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    I don't understand: there's no prohibition on answerers getting credit for their answers. Other users can give them credit. All they cannot do is accept an answer - only the questioner can do that. So I don't really see the problem: lots of answers get up-votes, even though the original questioner has disappeared. Bounties can also, as already mentioned, be used to attract attention to the question or reward other people's answers. Again, you don't have to be the OP to offer a bounty.
    – cfr
    Commented Feb 3, 2018 at 22:55

3 Answers 3


Remember that most of the 'value' of the site is meant to come not from dealing with the original poster but rather the wider user base. As such, a good answer should gain upvotes from several (or even many) people: that is the key to determining which answers are best. Answers being accepted by the original poster is certainly welcome, but it's far from the main determinant of answer ranking. As such, I'm not sure what one can say here beyond 'it happens'.

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    But if an answer does not get an acknowledgement of some kind from the questioner why should anyone else pay any attention or believe that the answer might actually be appropriate and/or correct? If there are several answers then let the system be and readers decide for themselves. If there is only one answer then perhaps questioners should be obliged to accept the answer or reject with reasons why. Commented Feb 2, 2018 at 19:04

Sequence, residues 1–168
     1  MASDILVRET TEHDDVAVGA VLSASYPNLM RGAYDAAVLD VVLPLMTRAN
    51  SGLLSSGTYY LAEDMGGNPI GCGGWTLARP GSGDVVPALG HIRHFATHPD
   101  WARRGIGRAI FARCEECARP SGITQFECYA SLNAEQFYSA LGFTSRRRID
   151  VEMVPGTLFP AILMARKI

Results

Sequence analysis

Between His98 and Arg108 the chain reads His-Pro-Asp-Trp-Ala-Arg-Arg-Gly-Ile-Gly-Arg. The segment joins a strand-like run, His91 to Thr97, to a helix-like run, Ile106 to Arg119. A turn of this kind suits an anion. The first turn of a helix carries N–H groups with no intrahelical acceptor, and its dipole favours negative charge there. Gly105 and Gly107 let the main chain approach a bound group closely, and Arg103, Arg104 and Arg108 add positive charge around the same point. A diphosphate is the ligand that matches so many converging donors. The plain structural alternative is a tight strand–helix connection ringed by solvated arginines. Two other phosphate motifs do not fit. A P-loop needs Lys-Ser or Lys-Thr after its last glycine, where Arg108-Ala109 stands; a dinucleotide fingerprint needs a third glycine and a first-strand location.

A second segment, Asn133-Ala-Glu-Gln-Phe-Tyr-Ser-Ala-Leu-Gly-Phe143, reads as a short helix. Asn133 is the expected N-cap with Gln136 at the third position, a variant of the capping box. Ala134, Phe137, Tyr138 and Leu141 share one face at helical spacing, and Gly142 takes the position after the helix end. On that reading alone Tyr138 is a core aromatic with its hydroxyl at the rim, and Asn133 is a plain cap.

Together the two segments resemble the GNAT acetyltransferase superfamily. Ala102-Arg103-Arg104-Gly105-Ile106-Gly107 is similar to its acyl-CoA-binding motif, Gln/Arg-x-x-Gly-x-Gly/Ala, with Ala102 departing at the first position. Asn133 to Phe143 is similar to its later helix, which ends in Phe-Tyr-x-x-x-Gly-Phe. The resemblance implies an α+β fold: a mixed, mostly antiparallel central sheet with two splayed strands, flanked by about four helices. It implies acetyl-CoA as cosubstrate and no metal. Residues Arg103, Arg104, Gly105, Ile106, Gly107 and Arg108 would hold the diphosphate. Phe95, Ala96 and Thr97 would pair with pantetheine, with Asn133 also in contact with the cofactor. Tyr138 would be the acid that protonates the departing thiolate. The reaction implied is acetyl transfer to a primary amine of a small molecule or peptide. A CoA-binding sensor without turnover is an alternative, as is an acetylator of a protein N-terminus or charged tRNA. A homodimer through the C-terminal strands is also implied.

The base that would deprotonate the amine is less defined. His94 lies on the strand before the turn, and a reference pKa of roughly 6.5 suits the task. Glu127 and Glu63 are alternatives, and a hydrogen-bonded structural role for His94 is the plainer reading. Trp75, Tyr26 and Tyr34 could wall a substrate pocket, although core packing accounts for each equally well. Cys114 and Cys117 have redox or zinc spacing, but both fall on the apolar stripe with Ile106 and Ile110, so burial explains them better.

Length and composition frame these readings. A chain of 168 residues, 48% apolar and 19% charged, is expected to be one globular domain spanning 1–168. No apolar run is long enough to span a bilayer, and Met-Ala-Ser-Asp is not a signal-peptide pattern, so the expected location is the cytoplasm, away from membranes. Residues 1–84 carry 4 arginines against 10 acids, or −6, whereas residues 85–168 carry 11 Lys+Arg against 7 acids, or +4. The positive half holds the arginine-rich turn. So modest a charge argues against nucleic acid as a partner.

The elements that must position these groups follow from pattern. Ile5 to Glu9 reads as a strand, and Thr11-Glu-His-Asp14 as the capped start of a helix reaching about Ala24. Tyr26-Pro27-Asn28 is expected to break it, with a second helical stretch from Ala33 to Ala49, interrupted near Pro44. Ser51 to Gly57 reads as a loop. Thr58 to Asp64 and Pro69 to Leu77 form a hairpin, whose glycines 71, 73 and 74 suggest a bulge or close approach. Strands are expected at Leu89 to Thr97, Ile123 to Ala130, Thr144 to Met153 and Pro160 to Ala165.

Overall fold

• I wanted to add [GOM] (Grumpy Old Man) to my comment but the system timed me out. Commented Feb 2, 2018 at 19:18
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    @PeterWilson The entire StackOverflow model is based on the idea of 'wisdom of crowds': lots of users look at answers and vote for those that work for them, which then have a higher ranking than other answers
    – Joseph Wright Mod
    Commented Feb 2, 2018 at 19:20
  • I would like to discuss this offline. My email address is [email protected]. I should know yours but temporarily I can't find it. Any chance you can email me? Commented Feb 2, 2018 at 21:21